Sunday, August 13, 2000
ETC adds 'Glimmer' to season
Scheduling conflicts cause slight delay
D. Lynn Meyers, full-time producing artistic director, part-time juggler, announces a delayed start to the season and a new title (off-Broadway's current hit The Countess) for the Ensemble Theatre 2000-2001 season.
The last few weeks have been wild ones for Ms. Meyers, but worth it!
Glimmer, Glimmer and Shine, Warren Leight's follow-up to last year's Tony Award winning best play Side Man, will open Sept. 13 instead of the previously announced Sept. 6.
The delay is to accommodate scheduling conflicts for leading actors Dennis Parlato (last seen at ETC in A Question of Mercy) and Tony Campisi, known to Broadway audiences for shows including The Nerd and Frankie and Johnny in the Claire de Lune.
Ms. Meyers, who will direct this first full production of Glimmer, says she also won't mind having a couple of extra preview performances for what is essentially a new show. (There have been many rewrites since Glimmer debuted as The Glimmer Brothers last summer at Williamstown, Mass., Theatre Festival.)
On to Show 2 on the schedule. When last Sunday's Enquirer reported that actress Dale Hodges would be performing Wit at Actors Theatre of Louisville, alert theatergoers noticed that the dates coincided with Lettice and Lovage at ETC. Ms. Hodges was prominently featured in the season brochure as that show's star.
Ms. Meyers, thrilled for Ms. Hodges casting in Wit, didn't want to do Lettice without her and went in search of a replacement show. She finally settled on The Countess, recipient of favorable reviews for its off-Broadway production, which continues at the Lambs Theater in New York.
The Countess is based on the real romantic triangle involving painter Everett Millais, art critic John Ruskin and his wife in 1854 London. Michael Haney will direct then move up to Eden Park for his annual gig overseeing A Christmas Carol.
Call the theater box office at 421-3555 for reservations and information.
Hottest Tickets: Space Cowboys? Ha. The Perfect Storm? Not even close. MI:2? Think again. The hottest tickets this summer were to Hot Summer Nights, University of Cincinnati's straw hat theater series.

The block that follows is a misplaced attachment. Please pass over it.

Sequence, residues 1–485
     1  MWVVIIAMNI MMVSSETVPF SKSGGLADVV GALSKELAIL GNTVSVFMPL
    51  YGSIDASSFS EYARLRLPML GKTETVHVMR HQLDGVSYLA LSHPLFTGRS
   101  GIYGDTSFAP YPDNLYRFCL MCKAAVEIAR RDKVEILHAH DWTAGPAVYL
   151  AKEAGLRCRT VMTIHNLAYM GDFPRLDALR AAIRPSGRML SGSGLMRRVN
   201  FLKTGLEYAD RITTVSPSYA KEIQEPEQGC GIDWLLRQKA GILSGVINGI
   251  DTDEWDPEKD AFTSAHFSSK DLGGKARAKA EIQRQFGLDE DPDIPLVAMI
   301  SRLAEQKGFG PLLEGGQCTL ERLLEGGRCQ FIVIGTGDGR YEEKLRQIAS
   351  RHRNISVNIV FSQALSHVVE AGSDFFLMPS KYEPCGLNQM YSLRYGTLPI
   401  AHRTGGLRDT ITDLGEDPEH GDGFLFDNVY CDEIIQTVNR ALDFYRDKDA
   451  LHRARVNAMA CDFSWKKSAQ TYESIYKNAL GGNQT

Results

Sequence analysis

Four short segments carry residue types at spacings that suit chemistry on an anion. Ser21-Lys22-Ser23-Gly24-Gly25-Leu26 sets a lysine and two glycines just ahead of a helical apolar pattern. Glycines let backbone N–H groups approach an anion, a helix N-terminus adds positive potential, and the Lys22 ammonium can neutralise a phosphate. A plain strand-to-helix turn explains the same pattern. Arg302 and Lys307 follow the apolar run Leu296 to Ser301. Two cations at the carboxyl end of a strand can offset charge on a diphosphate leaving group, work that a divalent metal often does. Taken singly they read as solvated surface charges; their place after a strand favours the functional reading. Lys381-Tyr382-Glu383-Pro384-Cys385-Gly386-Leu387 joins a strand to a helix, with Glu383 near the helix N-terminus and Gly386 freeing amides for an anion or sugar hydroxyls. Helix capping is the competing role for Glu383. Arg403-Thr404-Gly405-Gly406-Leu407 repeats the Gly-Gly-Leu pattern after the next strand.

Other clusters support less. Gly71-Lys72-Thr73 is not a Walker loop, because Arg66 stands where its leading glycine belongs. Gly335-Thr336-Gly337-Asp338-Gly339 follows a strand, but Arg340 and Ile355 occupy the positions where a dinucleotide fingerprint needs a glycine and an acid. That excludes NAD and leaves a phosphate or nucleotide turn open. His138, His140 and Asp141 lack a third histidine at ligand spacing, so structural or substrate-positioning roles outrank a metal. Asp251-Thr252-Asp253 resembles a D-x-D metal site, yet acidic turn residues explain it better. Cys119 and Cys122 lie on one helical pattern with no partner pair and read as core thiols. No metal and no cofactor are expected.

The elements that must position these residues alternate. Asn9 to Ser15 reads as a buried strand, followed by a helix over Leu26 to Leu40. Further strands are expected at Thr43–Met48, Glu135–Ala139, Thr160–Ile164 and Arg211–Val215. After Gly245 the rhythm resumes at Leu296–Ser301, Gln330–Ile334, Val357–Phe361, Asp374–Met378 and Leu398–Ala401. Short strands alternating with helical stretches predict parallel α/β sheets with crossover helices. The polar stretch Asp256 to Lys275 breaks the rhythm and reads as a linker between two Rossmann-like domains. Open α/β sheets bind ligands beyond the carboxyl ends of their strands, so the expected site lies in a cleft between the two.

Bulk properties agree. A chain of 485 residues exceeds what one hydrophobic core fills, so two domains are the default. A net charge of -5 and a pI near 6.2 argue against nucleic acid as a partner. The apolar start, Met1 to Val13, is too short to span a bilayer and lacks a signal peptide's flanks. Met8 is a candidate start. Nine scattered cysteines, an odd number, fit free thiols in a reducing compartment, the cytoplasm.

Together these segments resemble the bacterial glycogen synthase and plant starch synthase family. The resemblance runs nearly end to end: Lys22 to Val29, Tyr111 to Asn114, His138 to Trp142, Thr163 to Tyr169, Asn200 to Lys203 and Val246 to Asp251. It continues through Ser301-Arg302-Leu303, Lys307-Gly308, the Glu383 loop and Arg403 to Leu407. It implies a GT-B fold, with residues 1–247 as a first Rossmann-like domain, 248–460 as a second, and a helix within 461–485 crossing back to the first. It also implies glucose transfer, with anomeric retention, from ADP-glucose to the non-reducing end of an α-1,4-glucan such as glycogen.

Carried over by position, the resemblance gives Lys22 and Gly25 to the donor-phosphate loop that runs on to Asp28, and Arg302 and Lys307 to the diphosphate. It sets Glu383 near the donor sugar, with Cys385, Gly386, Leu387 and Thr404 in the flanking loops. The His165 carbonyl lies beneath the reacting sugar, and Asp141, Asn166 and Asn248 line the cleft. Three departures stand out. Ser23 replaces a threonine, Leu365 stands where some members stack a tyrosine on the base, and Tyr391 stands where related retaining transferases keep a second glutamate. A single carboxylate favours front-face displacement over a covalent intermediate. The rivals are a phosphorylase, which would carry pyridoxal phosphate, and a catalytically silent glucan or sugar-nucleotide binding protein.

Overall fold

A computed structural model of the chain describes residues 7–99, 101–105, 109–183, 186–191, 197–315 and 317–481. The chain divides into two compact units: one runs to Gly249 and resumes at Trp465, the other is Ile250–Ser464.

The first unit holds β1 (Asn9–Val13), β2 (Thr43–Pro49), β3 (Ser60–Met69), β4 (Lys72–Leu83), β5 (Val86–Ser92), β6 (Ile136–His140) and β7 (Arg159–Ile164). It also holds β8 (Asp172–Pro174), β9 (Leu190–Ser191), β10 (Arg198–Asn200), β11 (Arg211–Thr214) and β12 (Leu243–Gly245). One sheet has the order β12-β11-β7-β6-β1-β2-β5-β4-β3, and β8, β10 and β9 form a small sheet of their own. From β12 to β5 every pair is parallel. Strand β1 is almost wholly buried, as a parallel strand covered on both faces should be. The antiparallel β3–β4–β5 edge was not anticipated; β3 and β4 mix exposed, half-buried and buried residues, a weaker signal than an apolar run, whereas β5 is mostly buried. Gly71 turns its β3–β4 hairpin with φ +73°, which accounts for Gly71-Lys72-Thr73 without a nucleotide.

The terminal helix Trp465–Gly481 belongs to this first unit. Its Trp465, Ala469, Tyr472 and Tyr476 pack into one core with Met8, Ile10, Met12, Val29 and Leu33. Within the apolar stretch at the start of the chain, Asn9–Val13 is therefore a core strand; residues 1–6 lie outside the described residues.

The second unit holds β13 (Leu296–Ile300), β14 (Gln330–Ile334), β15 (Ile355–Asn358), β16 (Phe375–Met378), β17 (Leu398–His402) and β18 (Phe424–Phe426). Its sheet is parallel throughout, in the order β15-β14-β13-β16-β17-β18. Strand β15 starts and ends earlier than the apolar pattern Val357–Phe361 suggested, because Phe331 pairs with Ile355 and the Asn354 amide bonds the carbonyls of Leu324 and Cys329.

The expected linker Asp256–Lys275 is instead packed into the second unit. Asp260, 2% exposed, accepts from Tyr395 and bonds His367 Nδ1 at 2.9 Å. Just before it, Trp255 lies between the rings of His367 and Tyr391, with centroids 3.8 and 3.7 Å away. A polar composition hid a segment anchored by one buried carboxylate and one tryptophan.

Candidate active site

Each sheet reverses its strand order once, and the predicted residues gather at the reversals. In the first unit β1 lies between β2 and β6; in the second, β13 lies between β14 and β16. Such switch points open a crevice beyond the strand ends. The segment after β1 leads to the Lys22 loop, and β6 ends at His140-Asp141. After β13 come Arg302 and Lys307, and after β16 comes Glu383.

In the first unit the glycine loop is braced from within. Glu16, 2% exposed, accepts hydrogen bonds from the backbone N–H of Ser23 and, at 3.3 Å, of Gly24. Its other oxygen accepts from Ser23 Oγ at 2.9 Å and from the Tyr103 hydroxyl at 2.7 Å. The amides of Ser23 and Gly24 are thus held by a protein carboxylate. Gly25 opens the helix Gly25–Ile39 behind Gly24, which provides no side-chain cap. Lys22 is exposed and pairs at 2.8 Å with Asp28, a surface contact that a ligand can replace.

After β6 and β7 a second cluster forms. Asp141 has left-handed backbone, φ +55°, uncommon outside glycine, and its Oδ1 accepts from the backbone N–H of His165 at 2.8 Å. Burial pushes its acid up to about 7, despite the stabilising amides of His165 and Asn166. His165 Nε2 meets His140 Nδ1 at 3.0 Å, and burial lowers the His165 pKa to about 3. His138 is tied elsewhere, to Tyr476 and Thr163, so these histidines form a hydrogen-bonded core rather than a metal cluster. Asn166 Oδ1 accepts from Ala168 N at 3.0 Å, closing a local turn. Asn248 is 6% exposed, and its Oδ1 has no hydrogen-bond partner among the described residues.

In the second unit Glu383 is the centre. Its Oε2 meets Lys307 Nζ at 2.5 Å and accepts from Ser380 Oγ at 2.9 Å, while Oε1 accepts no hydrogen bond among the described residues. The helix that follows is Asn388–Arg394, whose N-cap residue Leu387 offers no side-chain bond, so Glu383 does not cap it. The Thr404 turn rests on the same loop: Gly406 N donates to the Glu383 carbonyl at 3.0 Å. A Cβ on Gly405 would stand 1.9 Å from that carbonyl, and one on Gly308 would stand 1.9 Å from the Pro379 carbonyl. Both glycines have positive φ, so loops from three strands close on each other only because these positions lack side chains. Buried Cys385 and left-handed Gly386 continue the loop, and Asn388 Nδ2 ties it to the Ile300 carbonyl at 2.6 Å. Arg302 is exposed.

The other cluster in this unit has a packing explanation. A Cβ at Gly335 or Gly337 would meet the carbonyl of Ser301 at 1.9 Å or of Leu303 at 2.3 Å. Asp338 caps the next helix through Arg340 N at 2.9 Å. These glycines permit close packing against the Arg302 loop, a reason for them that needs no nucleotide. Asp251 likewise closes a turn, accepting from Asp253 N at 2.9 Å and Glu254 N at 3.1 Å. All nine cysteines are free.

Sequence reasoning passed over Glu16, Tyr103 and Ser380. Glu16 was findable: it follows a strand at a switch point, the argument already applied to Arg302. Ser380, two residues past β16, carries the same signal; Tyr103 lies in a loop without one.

By the time Hot Summer Nights wraps next Sunday , it will have played to about 96 percent capacity with most performances selling out since late July.
Meanwhile, Playhouse in the Park is gleeful over the success of its return to summer scheduling after more than a decade.
The popular Always . . . Patsy Cline played to 90 percent capacity. A visit by the Karamazov Brothers drew 74 percent houses, but the always cautious Playhouse had budgeted for lower numbers.
The best percentage, as far as Playhouse management is concerned, is that 30 percent of the folks buying tickets had never been to the Eden Park theater. Now they're waiting to see if that number translates to ticket purchases for the regular season. Individual tickets go on sale later this month.
CCM News: Speaking of hot tickets, CCM has completely revamped its studio season and what's in store could introduce scalpers to Cincinnati theater.
A New Brain is out for the Nov. 30-Dec. 2 slot to be replaced by Adam (Floyd Collins) Guittel's Myths and Hymns. New York reviews of an early version hailed the hot-and-now Mr. Guittel's work as the best musical written in the last 10 years.
Mr. Guittel OK'd a bare bones staging that will be purely about the singers and the songs. The esoteric subject matter: stories of the ancient gods (myths) and man's relationship to God (hymns).